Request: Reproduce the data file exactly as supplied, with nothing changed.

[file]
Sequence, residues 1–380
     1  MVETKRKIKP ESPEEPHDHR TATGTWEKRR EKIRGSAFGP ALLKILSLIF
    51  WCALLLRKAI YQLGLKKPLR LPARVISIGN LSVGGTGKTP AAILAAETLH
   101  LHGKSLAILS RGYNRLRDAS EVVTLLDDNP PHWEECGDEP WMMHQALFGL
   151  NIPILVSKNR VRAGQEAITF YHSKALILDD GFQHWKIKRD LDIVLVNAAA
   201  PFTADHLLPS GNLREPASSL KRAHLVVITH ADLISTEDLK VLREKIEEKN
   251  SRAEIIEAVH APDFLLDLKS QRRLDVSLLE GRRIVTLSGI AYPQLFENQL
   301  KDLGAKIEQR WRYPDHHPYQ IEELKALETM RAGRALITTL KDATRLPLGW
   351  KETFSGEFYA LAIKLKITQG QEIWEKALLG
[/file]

Sequence, residues 1–380
     1  MVETKRKIKP ESPEEPHDHR TATGTWEKRR EKIRGSAFGP ALLKILSLIF
    51  WCALLLRKAI YQLGLKKPLR LPARVISIGN LSVGGTGKTP AAILAAETLH
   101  LHGKSLAILS RGYNRLRDAS EVVTLLDDNP PHWEECGDEP WMMHQALFGL
   151  NIPILVSKNR VRAGQEAITF YHSKALILDD GFQHWKIKRD LDIVLVNAAA
   201  PFTADHLLPS GNLREPASSL KRAHLVVITH ADLISTEDLK VLREKIEEKN
   251  SRAEIIEAVH APDFLLDLKS QRRLDVSLLE GRRIVTLSGI AYPQLFENQL
   301  KDLGAKIEQR WRYPDHHPYQ IEELKALETM RAGRALITTL KDATRLPLGW
   351  KETFSGEFYA LAIKLKITQG QEIWEKALLG